The new multiplayer modes are rather inventive and include Team Battle and Synch modes. The Team Battle mode is your typical versus mode that has you competing with a rival dancer to get the most flawless run possible. The Synch mode is something new and a long time coming. This mode has you and a partner dancing together and synchronizing their steps. The game actually detects any timing differences between the two players steps.
Ultramix 2 is not about the graphics, but even so they do a surprisingly good job for the most part. The symbols are generally easy to see and “holds” and “double-tap” notes are clearly indicated by unique symbols. Things can get distracting when the background gets cluttered with animated dancers and flashy effects. You can now download new dancer models and animation via Xbox Live.
The menus have been slightly enhanced and are a bit flashier than before and the scoring and music selection screens are colorful and easy to navigate. As you unlock new banks of music they are color coded so you know what’s new. The information on the HUD during the game is clear and easy to read provided you can take your eyes off the streaming steps long enough to read it.
As with any music or dance game the soundtrack is the driving force behind the gameplay. Ultramix 2 boasts a bigger music library than ever before ranging from dance, techno, disco, and some interesting hybrid mixes. Some of it is licensed and some of it is totally original and most of it is fairly obscure to the general public. The game features top hits from Delirium, ELVIS, Freestylers and the Commodores - plus remixes by top dance acts, including Paul Oakenfold, Svenson & Gielen and Jondi & Spesh.
Downloadable songs will be available in packs of 5 songs for $5.00/pack. The game also supports all the downloadable song packs from the original Dance Dance Revolution Ultramix game - offering an unprecedented 100+ songs to choose from at launch. By the time you make your way through all the songs you’ll be ready to hear them all over again.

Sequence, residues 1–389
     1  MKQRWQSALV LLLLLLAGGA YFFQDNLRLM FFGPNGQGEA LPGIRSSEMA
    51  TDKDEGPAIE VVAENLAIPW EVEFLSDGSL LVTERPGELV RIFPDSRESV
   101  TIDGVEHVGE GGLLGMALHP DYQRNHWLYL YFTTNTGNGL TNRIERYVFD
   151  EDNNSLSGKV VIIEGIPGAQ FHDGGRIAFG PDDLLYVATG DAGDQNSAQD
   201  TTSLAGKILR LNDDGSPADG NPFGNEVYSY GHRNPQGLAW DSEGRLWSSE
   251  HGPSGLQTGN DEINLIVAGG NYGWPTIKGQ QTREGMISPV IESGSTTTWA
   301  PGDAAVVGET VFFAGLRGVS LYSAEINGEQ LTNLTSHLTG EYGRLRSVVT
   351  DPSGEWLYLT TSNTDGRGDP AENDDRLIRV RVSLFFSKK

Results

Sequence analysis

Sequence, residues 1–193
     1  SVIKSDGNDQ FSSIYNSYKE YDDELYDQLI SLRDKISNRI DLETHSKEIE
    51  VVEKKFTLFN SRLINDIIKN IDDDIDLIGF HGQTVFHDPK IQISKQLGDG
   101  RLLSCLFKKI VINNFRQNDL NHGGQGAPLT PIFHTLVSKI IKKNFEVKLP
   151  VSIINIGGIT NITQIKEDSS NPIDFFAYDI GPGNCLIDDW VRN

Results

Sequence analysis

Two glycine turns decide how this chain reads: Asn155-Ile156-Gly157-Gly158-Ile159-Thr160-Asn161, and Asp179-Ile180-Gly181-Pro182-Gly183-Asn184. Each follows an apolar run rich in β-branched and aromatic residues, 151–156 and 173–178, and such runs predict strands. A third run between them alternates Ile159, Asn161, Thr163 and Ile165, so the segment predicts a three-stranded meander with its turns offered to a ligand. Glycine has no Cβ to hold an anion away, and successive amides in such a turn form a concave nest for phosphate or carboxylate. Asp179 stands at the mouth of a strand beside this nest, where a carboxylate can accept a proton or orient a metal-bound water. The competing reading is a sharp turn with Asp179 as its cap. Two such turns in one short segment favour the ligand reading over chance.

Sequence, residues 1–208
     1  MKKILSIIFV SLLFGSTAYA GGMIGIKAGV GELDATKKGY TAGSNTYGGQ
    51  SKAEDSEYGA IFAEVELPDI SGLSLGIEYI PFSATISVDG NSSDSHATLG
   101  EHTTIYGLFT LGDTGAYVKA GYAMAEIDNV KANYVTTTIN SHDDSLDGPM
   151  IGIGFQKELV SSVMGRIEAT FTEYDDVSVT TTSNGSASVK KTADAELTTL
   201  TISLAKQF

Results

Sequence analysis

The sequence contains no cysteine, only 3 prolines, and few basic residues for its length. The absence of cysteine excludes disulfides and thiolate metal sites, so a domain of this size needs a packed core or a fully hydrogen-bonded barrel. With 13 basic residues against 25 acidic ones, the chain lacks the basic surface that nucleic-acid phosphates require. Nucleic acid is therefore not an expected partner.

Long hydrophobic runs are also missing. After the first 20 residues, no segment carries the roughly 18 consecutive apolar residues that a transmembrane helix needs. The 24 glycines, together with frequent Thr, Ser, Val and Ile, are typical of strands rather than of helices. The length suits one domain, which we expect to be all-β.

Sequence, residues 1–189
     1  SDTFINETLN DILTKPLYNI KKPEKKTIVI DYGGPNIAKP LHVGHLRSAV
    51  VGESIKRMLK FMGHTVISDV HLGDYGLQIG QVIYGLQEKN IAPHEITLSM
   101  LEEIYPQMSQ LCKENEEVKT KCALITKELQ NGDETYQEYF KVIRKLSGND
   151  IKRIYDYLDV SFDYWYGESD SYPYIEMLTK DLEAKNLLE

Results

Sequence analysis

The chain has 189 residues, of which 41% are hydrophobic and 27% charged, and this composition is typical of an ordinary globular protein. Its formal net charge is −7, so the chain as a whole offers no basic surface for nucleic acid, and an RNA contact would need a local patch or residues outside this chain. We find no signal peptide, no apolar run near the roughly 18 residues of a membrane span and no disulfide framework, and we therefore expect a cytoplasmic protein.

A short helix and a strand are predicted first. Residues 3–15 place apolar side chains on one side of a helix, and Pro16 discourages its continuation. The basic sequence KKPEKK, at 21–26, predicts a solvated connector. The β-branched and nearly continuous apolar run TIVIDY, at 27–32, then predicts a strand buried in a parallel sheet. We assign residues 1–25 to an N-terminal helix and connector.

You can find Ultramix 2 bundled with the Konami dance mat for $60 or if you already have a mat you can get just the game for $30. Definitely not a bad deal for the content and endless gameplay potential, and the added bonus of being able to download more music for a small fee has the potential to keep this game alive forever.
The new online modes and the increased number of people actually playing DDR on Xbox Live is certainly encouraging. There are now global scoreboards and the ability to organize massive online dance tournaments. The numerous modes, multiplayer gaming, and even the quirky potential to use this game to shed a few excess pounds gives Ultramix 2 limitless replay value. Whether this becomes your next favorite party game or just a guilty pleasure you experience behind closed doors, DDR Ultramix 2 is the definition of addictive gaming.
You’ll never catch me playing this game in the arcades but having DDR on my Xbox ready to humiliate myself in the privacy of my own home is undeniable fun. I suppose there is a certain demographic that will really enjoy this game (girls and anyone who can dance).
If you are looking for more popular music you might want to check out the new version of DDR for the PS2, but if you are in the mood for some killer techno tunes and house music then Ultramix is the ultimate selection of high-energy dance beats. Regardless of which system or which game you play, you won’t find a more comprehensive or fun dancing game out there.